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The premise for this book was unusual and in these technologically advancing times not beyond credibility. A computer geek writes software which enables living people to "converse" with their dead loved ones via e-mail and video. He does this in order that his girlfriend can "speak" to her recently deceased grandmother. For the first half or so of the book I was fairly engaged by the storyline and the characters but thereafter ennui set in. I found the last part of the story contrived and lost any empathy for the main character. I would have been happy enough to spend 99p on this book but at £6.99 for the Kindle version I wouldn't bother.
This book will stay with me for a long time. I was fascinated by the story, the technology, and charmed by the delightful characters. It gave me much food for thought and discussion and I have recommended it to all if my reader friends. Keep writing Laurie! (I also loved That’s the Way...)
5.0 out of 5 starsBittersweet, poignant, entertaining, effortless!
Reviewed in the United Kingdom on 19 July 2012
This is just my kind of book: it's a lovely mix of contrasts; of happiness and sadness, of love and loss, of life and death. It's a sci-fi theme at its core, but sweetly packaged to appeal to fans of romance, moral debate, drama and comedy.
The book is set in the world as we know it, not a futuristic setting that would put off readers who aren't interested in sci-fi: Sam, a regular guy (also a computer genius) designs a computer programme that will allow the loved ones of the recently deceased to continue seeing and interacting with them as if they were still there. It's a brilliantly simple idea for a novel and you can probably guess some of the issues that are going to be raised... The characters, the story, the themes of death & grief and all the moral questions arising from keeping the dead 'alive' (when you probably really should be letting them go) are all exquisitely woven together in one incredibly entertaining and poignant book.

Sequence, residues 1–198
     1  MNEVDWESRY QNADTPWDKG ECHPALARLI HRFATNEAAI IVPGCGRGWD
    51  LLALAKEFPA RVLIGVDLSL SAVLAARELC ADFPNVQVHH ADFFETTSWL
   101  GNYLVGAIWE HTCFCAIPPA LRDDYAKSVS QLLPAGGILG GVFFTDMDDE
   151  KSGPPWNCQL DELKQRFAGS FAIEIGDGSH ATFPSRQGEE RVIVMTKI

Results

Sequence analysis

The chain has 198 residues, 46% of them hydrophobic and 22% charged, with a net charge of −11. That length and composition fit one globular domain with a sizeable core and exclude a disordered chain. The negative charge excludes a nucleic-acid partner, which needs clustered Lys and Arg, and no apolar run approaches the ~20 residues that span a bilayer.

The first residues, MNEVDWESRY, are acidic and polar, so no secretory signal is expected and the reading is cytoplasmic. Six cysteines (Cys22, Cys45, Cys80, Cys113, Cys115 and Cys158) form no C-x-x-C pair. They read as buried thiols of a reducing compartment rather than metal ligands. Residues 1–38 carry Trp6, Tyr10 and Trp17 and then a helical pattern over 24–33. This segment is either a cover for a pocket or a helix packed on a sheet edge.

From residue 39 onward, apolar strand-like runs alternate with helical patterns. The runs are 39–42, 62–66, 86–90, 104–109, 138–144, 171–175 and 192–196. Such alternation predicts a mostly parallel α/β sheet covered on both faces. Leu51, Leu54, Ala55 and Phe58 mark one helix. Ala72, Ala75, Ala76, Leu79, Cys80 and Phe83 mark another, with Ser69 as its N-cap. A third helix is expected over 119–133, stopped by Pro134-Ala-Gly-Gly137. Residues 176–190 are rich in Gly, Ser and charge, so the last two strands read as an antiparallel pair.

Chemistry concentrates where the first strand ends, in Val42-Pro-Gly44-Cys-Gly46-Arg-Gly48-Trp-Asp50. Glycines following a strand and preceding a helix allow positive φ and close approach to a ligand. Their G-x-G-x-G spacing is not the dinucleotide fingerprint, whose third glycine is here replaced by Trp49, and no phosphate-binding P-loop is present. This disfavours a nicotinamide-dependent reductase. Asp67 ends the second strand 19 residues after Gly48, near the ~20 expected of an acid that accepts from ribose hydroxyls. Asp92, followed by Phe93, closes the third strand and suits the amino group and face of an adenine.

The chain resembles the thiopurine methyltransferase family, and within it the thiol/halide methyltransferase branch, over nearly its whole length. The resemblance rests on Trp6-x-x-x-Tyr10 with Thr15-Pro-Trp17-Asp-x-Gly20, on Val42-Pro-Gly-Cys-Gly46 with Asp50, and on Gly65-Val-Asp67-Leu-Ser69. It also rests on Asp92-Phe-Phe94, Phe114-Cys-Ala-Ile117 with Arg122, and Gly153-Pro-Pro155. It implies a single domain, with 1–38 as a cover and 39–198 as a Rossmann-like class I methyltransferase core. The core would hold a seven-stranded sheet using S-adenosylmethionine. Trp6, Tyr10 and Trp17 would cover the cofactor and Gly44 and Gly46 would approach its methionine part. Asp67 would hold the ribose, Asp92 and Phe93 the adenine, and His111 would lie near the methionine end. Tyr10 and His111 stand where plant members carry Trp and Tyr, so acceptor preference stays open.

It's a fresh and original story and I can't really liken it to anything else I've read. The book echoes the tone and some of the elements of the film Sim0ne and perhaps also Eternal Sunshine of a Spotless Mind, but it's a very different story at its heart. It's an effortless read, so well put-together that there were no real dips; something was always happening, moving the story along and keeping me hooked to the very last page. It was a hugely satisfying read for me and this is the book I'll no doubt be recommending to everyone for a long while!
4.0 out of 5 starsProfound, but nothing mystical involved.
Reviewed in the United Kingdom on 11 September 2012
Reading the synopsis, you would be forgiven if you were led to believe there was an element of paranormal in the story. It's not, its purely computer science and artificial intelligence. The story tells of a brilliant mind Sam whom a software engineer by profession decides to create artificial intelligence in the form of his girlfriend's deceased grandmother. Meredith, in mourning finds comfort and solace in Sam's creation and decides to share the software program with the world. In doing so, the theme of mourning, letting go and dealing with grief is the very subject matter which forms the basis for the entire novel. There are conflict of interests, emotional upheavals, religious and moral controversy. Sam's software program effectively redefines the meaning of loss in the ritual of mourning, and the ideology of being forever dead and lost to a loved one has been changed. Sam doesn't truly understand this until an awful tragedy occurs, I won't say what this event entailed, but it was quite predictable given the number of characters involved. The novel follows one character through a grieving process, and we see how the program really comes into effect. The conclusion is thought provoking, it invites you to consider what seemingly appears to be a miraculous technological invention, whether this could really conquer the grief that is typical with loss in human emotion. And whether letting go is really better after all.